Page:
WASHINGTON — Monday’s first day of a Surface Transportation Board hearing on Amtrak’s request to initiate service between New Orleans and Mobile, Ala., moved so slowly that some attorneys speculated that the four days this week allotted for the hearing may not be enough.
In almost eight hours, the hearing barely progressed past opening statements by lawyers representing the four parties to the case: CSX Transportation, Norfolk Southern, the Alabama State Port Authority, and Amtrak. Only the first of 12 scheduled witnesses offered testimony; Amtrak cross examination of that witness, consultant Charles Banks, called by CSX, had concluded, but STB chairman Martin Oberman indicated he would have additional questions for Banks on Tuesday.
“It’s precedent-setting, and we want to do it right,” Oberman said.
What does the law say?
Questioning by Oberman and other STB members after each opening statement hinted the board is concerned it might be entering uncharted territory if it concludes there there is possible compromise between the parties’ stated positions.
CSX argued that Amtrak, in bringing the case, was demanding immediate access for its two daily round trips without any infrastructure improvements. But Amtrak’s position is that the railroad’s demand for up to $440 million before any passenger train can access the line is clearly not what Congress had in mind when it passed U.S. Code 24308(e). That provision, regarding “Use of facilities and providing services to Amtrak,” is the regulation under which Amtrak filed its case, which holds the board has a duty to adjudicate when “a carrier does not…allow Amtrak to provide for the operation of additional trains over a rail line.”
Norfolk Southern attorney Bill Mullins said that the case should have been brought under a separate provision of the law, 24308(a), in which the STB would “prescribe reasonable terms and compensation for using the facilities and providing the services.” “The right thing to do, Mullins said, “is to grant access with infrastructure improvements.”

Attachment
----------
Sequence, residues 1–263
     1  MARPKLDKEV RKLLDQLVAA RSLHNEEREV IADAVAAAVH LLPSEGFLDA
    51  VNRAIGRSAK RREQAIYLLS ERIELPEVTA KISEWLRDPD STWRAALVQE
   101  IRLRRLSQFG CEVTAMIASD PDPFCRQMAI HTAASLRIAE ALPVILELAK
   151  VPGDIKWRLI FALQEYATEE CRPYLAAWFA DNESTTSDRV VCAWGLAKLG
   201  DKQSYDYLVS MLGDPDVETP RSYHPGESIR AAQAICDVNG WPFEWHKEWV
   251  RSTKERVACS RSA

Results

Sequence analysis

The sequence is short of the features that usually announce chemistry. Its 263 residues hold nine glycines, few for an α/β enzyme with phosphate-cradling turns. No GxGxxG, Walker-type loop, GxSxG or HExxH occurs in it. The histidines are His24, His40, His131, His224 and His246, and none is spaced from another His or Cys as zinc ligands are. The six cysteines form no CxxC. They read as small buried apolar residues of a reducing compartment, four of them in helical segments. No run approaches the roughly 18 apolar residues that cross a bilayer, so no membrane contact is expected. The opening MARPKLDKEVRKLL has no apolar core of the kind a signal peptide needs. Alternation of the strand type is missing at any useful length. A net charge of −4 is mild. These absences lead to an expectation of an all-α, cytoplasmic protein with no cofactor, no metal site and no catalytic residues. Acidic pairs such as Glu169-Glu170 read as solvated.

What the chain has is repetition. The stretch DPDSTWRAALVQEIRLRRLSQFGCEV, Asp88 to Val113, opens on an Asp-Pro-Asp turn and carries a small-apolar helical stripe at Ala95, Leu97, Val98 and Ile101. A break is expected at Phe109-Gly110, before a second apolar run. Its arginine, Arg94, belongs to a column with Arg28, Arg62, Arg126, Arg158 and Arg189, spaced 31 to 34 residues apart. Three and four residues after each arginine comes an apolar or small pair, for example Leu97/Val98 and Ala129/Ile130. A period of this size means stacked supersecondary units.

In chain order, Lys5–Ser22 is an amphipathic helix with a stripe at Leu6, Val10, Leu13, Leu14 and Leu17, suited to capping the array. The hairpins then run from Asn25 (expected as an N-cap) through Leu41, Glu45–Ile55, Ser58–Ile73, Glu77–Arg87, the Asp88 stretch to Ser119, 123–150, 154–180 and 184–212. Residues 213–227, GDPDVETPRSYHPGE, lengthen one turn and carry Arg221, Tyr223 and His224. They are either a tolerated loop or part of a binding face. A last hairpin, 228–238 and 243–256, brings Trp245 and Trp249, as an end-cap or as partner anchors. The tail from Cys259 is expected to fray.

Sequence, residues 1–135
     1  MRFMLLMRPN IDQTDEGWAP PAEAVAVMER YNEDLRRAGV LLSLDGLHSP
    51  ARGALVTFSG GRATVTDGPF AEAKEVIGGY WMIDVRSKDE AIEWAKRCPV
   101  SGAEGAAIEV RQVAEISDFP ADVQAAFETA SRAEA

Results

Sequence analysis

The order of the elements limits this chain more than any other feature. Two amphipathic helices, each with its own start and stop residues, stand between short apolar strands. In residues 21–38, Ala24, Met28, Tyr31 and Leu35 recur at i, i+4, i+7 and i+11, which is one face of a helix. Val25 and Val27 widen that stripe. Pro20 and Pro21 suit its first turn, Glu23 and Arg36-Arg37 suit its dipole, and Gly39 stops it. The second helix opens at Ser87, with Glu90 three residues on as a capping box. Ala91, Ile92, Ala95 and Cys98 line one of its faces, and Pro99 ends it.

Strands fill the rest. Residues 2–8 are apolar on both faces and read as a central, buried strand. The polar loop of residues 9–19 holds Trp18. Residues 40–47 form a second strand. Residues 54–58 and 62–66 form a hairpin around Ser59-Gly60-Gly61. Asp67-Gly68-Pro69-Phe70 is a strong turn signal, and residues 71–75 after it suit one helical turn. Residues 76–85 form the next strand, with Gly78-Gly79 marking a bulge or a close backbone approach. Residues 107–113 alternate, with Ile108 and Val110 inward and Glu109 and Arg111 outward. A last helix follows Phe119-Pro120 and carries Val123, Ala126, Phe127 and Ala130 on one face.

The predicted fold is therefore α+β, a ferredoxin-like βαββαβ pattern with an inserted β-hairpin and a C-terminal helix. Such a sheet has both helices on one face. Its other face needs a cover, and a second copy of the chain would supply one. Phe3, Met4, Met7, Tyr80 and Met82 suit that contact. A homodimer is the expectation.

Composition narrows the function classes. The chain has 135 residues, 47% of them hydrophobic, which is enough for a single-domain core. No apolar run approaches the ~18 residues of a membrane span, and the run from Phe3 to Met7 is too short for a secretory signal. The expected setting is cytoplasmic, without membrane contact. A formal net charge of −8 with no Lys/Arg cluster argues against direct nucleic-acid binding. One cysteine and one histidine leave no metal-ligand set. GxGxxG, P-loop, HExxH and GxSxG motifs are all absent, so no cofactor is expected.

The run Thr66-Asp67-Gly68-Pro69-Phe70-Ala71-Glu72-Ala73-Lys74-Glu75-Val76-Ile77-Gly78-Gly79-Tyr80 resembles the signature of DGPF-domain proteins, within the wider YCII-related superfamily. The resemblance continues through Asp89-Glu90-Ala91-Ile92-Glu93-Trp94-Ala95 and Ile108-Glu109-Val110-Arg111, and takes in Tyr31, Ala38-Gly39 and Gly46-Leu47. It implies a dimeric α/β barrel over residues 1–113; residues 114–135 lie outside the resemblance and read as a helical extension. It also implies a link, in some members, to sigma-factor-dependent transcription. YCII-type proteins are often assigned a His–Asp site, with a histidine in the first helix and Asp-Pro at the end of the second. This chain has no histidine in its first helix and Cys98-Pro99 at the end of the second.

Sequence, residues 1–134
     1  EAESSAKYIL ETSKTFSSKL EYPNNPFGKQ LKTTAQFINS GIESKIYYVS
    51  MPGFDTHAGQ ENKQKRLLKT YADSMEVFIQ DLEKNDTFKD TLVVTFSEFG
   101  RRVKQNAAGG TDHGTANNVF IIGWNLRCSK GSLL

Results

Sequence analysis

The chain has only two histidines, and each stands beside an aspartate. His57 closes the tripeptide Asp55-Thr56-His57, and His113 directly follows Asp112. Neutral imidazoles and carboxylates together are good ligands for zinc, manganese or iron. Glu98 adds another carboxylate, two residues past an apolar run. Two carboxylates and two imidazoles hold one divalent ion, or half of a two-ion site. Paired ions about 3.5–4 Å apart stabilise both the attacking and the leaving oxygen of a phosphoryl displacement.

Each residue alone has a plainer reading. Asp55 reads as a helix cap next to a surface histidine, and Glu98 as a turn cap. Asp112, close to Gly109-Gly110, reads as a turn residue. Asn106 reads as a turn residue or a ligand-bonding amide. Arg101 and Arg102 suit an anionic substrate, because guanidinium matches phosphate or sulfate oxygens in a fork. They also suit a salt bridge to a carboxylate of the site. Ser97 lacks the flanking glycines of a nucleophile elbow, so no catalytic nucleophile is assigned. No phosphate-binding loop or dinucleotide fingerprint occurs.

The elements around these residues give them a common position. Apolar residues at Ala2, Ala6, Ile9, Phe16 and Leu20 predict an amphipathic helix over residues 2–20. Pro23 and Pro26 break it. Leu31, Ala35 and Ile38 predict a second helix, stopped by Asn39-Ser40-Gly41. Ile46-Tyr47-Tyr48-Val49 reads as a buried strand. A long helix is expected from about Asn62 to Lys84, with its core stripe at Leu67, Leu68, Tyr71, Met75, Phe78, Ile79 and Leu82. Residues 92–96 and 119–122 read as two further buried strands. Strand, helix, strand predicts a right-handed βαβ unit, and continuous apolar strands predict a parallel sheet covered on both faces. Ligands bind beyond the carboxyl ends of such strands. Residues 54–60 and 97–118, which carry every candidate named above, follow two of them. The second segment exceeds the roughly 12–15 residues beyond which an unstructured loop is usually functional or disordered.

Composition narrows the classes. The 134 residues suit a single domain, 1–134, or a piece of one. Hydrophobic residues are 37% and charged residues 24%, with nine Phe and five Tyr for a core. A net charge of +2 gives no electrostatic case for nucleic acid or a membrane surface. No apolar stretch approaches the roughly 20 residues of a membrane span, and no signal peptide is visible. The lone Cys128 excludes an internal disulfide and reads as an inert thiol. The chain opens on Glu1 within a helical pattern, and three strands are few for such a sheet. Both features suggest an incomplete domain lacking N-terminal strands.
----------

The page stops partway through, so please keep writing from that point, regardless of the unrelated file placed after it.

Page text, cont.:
More than one board member noted, however, that the railroads never made that argument in a motion to dismiss Amtrak’s case, and that was not what the STB is being asked to decide. The exact language of the two sections is available here.
Staking out positions
Amtrak attorney Jessie Amunson argued that the Rail Traffic Controller modeling cited by CSX and NS — the heart of the host railroads’ argument that Amtrak operations will “unreasonably impair” freight service — is designed to “not alter a single thing” in the way they operate, and that the statute’s determination of impairment is based on current conditions, not the model’s projection to traffic in 2039.
In response to a question by Oberman, Amunson clarified, “CSX and NS have attempted to paint a picture that Amtrak will never spend a dime on infrastructure; that’s just not true. What Amtrak wants is to start service and have infrastructure investments informed by the actual experience of operating on the line, rather than facing a demand that it build $440 million of infrastructure before it can run a single train.”
Although CSX presentedBanks as an expert witness brought in “to audit a draft of RTC modeling” that had been previously run by consultant HNTB, he indicated under questioning by Amtrak and several board members that the model’s inputs were the product of decisions made by a “clean team” of CSX officials and outside consultants.
Under cross-examination by Amtrak and STB officials, Banks said the model’s 95% on-time performance standard for Amtrak trains came from the team’s “collective judgment.” As the session concluded, Banks admitted that he did not look at route or region specifics when estimating that freight traffic would grow 1.5 % per year for 20 years. Oberman noted that would work out to 30% growth by 2039.
Day Two of the hearing is set for Tuesday at 9:30 a.m. A recording of Monday’s session, as well as Tuesday’s live stream, is available on the STB YouTube channel.